55. Karl Marx, A Contribution to the Critique of Po­liti­cal Economy (Chicago: Kerr, 1904), 11. 56. Hoffmann, Stalinist Values, 46. 57. Vygotskii, “K psikhologii,” 12. 58. On the controversy over pure oralism, see Lane, When the Mind Hears, 386–97. 59. Vygotskii, “K psikhologii,” 23. 60. Michael Gorham, Speaking in Soviet Tongues: Language Culture and the Politics of Voice in Revolutionary Rus­sia (DeKalb: Northern Illinois University Press, 2003); Lovell, “Broadcasting Bolshevik,” 78–97. 61. Lovell, Rus­sia in the Microphone Age. 62. Vygotskii, “K psikhologii,” 24. 63. Diane P. Koenker, Republic of ­Labor: Rus­sian Printers and Soviet Socialism, 1918– 1930 (Ithaca, NY: Cornell University Press, 2005), 1. 64. Vygotskii, “K psikhologii,” 21. 65. Ibid., 30. 66. “Constitution of the R.S.F.S.R. July 1918,” 156. 67. Palennyi, Istoriia, 1:32. 68. Builleten´ Vserossiiskoi konferentsii glukhonemykh, May 29, 1921. 69. On artels and early Soviet ­labor practice, see Stites, Revolutionary Dreams, 125. 70. “Polozhenie ob upolnomochennykh po rabote sredi glukhonemykh pri Gub. Obl. i Okruzhnykh GIKO,” Zhizn´ glukhonemykh, June 1, 1925, 3. 71. Palennyi, Istoriia, 1:70–73. 72. GARF, f. R-5575, op. 3, d. 9, l. 16. 73. D. Riol´f, “Na perelome zhizni,” Zhizn´ glukhonemykh, March 15, 1925, 3. 74. “Rezoliutsiia po dokladu o trudovom ustroisve slepykh i glukhonemykh vynesennaia vserossiiskim s´ezdom zav. Gubsobezami,” Zhizn´ glukhonemykh, June 1, 1925, 3. 75. Builleten´ Vserossiiskoi konferentsii glukhonemykh, May 27, 1921. 76. P. A. Savel´ev, “Istoricheskii obzor raboty Moskovskoi iacheiki RKP(b) glukhonemykh,” Zhizn´ glukhonemykh, August 14, 1925, 2. 77. Sof  ´ia Lychkina, “Istoki,” in Palennyi and Pichugin, Vspolokhi tishiny, 112. 78. Savel´ev, “Istoricheskii obzor,” 2. 79. Lychkina, “Istoki,” 116; Kalugina, “Zhizn´v tishine,” 70. 80. Lychkina, “Istoki,” 117. 81. Palennyi, Istoriia, 1:30. 82. GARF, f. A-511, op. 1, d. 5, l. 12 (my italics). 83. For more information on the likbezy, see Charles E. Clark, Uprooting Otherness: The Literacy Campaign in NEP-­Era Rus­sia (Selinsgrove, PA: Susquehanna University Press, 2000). 84. Palennyi, Istoriia, 1:61. 85. GARF, f. A-511, op. 1, d. 5, l. 19. 86. Ibid., l. 85 ob. 87. Narkomzdrav Semashko, Narkomsobes Vinokurov, and Narkompros Lunacharskii, “O sotsial´nom obespechenii glukhonemykh i slepykh,” Izvestiia, November 26, 1920. 88. As Lynn Mally has pointed out, organ­izations such as Proletkult w ­ ere targeted and ultimately subsumed by the state as a result of their autonomy. See Lynn Mally,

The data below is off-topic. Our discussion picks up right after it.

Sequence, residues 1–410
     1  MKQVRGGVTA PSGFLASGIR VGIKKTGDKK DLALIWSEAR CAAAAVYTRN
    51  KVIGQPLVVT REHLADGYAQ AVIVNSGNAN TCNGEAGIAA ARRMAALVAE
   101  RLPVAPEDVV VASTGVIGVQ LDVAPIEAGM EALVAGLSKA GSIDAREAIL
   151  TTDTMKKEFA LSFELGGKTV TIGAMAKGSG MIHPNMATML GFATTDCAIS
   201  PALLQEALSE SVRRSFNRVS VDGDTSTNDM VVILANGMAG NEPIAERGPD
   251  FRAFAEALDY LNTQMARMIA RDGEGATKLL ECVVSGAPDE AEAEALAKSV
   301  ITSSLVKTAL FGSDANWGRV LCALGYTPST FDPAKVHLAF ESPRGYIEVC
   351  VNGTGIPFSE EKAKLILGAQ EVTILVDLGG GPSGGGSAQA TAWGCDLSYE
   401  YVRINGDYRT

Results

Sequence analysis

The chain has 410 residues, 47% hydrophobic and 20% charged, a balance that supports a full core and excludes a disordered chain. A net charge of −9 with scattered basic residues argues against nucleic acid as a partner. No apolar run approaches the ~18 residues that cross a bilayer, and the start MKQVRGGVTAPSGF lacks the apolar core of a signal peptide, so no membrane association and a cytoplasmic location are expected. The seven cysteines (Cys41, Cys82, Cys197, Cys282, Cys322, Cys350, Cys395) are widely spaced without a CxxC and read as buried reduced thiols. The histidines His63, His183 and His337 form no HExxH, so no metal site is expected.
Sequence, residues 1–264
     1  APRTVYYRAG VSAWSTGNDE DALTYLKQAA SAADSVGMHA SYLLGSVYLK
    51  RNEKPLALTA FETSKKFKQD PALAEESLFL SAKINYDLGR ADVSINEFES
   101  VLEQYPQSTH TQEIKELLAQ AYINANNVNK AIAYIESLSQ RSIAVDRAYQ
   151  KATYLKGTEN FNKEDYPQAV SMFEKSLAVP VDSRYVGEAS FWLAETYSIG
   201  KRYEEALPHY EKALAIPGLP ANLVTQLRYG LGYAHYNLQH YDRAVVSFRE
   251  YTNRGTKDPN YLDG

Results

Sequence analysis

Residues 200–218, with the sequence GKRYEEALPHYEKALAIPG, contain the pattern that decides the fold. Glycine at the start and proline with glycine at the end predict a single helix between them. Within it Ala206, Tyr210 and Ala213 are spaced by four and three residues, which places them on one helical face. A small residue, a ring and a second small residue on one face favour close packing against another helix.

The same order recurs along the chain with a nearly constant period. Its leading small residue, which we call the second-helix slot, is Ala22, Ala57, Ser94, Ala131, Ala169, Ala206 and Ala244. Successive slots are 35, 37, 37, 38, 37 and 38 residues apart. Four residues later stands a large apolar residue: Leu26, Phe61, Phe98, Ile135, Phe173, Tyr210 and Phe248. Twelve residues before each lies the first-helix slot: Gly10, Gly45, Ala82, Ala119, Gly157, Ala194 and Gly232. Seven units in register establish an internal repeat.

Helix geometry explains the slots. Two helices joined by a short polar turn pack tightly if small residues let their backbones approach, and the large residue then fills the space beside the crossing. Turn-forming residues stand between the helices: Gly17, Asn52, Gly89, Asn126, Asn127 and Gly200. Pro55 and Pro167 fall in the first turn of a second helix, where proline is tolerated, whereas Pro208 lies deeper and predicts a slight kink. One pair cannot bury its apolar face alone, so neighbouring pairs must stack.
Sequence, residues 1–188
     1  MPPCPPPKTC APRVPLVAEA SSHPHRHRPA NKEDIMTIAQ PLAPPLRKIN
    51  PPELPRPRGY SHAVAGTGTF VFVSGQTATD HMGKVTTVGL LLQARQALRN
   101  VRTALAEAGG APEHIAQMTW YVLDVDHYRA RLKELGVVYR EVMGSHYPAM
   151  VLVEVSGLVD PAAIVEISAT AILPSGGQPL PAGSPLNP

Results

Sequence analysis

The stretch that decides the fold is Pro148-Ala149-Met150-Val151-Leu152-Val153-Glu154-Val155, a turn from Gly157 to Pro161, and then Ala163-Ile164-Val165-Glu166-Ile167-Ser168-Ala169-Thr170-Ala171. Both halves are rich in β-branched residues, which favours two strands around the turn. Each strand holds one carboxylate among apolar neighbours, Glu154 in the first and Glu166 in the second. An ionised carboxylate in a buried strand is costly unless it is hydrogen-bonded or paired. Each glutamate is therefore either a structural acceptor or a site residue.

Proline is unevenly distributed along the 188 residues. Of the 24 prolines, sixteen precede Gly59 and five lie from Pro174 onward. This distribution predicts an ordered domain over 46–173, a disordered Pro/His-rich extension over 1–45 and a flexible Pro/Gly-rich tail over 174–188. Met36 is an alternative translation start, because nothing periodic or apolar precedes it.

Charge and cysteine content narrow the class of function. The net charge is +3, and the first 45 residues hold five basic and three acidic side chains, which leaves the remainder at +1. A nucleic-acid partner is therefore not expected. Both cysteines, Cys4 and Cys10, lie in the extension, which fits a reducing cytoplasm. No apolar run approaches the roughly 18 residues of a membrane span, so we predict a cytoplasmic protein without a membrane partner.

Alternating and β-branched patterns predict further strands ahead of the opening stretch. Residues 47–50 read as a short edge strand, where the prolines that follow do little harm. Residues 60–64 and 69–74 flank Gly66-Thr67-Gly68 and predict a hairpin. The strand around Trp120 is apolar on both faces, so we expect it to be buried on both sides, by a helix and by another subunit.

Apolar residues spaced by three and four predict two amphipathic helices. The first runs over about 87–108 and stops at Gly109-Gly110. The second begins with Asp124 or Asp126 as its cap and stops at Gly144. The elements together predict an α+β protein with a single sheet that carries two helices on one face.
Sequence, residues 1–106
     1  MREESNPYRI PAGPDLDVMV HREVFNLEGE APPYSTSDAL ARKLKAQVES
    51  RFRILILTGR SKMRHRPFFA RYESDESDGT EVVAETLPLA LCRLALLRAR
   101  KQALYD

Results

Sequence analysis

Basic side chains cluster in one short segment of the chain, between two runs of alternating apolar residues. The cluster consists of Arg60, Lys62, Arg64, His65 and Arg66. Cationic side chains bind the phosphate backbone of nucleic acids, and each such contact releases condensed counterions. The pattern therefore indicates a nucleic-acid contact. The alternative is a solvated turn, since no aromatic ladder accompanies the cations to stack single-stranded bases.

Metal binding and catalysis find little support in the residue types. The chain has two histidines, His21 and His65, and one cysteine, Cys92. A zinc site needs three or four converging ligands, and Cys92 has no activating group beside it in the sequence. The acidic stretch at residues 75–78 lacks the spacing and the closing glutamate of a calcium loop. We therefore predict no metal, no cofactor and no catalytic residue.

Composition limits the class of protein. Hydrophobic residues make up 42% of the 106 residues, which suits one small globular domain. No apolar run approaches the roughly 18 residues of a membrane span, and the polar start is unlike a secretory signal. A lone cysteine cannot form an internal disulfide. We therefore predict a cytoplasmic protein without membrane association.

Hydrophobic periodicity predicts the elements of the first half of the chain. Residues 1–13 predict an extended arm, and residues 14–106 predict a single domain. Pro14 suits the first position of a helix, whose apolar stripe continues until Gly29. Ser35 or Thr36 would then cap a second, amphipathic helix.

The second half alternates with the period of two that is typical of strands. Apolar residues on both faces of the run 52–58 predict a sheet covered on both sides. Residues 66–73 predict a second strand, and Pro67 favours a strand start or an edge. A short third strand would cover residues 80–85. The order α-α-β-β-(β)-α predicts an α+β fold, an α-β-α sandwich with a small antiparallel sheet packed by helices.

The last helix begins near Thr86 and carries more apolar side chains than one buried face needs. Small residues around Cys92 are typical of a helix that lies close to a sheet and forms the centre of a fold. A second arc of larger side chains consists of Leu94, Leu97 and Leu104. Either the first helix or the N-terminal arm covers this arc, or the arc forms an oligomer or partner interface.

NOTES TO PA GES 4 0 – 4 5